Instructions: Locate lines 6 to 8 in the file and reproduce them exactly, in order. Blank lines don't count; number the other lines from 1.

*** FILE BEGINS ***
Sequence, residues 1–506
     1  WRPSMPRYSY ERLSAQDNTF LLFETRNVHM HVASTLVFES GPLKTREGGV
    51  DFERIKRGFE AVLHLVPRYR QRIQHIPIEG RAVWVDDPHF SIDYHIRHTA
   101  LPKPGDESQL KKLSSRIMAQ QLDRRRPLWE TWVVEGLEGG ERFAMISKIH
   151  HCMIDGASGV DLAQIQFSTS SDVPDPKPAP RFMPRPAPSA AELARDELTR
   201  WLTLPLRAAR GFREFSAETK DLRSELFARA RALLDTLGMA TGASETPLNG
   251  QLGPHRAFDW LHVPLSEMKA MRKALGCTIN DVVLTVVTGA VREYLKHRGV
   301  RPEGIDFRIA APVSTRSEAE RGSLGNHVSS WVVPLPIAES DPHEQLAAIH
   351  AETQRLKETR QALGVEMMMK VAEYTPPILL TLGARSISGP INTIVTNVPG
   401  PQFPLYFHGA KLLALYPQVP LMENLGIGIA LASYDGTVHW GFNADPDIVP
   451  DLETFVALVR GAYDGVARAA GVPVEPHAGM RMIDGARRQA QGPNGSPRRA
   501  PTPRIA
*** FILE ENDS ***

   201  WLTLPLRAAR GFREFSAETK DLRSELFARA RALLDTLGMA TGASETPLNG
   251  QLGPHRAFDW LHVPLSEMKA MRKALGCTIN DVVLTVVTGA VREYLKHRGV
   301  RPEGIDFRIA APVSTRSEAE RGSLGNHVSS WVVPLPIAES DPHEQLAAIH